Sunday, 28 October 2007

UK government gets the right end of the stick

The UK government is now advising that schools should not sign license agreements with Microsoft. It looks like that they are finally getting the right end of the technology stick at last.

It's generally a bad idea for site licenses to be blanket bought by schools because it is another way that Microsoft supports its monopoly position. By offering large discounts and a network of machines that do not need individual licenses, the offer that Microsoft makes is certainly attractive to school IT decision makers who probably are unaware of the politics of the IT industry or have no interest in the OS market place. Ideally, schools should have a number of machines for students to use (Windows, Macs, Linux, Unix) to broaden their exposure to the number of systems that are out there in the real world. I'm in complete agreement with the government on this one.

Thursday, 25 October 2007

Microsoft investing in Facebook

Microsoft is interested in Facebook - as it Google - but Microsoft is putting its money where its mouth is with a 240 million dollar investment in the company.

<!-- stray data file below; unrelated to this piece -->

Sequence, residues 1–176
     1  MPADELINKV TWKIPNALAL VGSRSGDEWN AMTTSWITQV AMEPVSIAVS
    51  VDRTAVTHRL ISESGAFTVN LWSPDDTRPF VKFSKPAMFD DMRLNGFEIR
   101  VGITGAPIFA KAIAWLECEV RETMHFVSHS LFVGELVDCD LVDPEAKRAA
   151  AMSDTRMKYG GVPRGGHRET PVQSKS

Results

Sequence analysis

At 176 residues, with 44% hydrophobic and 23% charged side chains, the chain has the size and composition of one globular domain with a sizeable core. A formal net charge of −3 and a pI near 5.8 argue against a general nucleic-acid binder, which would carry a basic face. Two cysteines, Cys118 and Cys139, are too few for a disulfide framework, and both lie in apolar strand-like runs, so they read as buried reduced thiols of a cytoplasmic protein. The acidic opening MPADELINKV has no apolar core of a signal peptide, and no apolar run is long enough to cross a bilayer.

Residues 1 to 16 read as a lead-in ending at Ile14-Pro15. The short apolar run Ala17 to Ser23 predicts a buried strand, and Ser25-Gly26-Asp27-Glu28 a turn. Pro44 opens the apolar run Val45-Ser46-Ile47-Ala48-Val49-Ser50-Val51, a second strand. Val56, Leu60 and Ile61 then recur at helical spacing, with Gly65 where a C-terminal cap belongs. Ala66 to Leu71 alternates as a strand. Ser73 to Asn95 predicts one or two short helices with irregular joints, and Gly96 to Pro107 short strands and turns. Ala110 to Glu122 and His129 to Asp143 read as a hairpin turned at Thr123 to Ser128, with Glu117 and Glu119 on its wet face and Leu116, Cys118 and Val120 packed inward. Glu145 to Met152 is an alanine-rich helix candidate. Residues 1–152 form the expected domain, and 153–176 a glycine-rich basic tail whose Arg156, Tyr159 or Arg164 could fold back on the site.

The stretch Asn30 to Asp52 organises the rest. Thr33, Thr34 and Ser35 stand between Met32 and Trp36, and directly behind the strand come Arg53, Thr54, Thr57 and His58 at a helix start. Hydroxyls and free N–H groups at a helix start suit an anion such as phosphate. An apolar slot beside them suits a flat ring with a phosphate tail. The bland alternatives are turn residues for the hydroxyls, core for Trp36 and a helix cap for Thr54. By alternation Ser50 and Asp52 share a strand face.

Why is Microsoft, or Google, or anyone else interested in Facebook?

Facebook's value is not in the software itself—which could be duplicated relatively easily by a small group of programmers—but in the vast social networks the site has gathered, networks that contain information about people's interests and desires that would be invaluable for any marketing company.

So be careful what you put up there folks. This one social network that is going to become an advertising network in the near future, and if that isn't enough to stop you putting confidential information up there how about the identity theft risk that sites like Facebook pose.

Monday, 22 October 2007

Finally Microsoft will comply with the courts

Well, well, well, who would have thought it, but Microsoft has finally decided to comply with the European courts and their antitrust rulings that were made three years ago.

Among other things, the court upheld the Commission's finding that Microsoft failed to give rivals enough information so their work group server software would work as smoothly with Microsoft's desktop computers as Microsoft's own software.

So hopefully, we may actually get Macs working as smoothly on a Windows Server domain controller network as the Windows machines themselves. :)

Taken from Microsoft finally bows to EU antitrust measures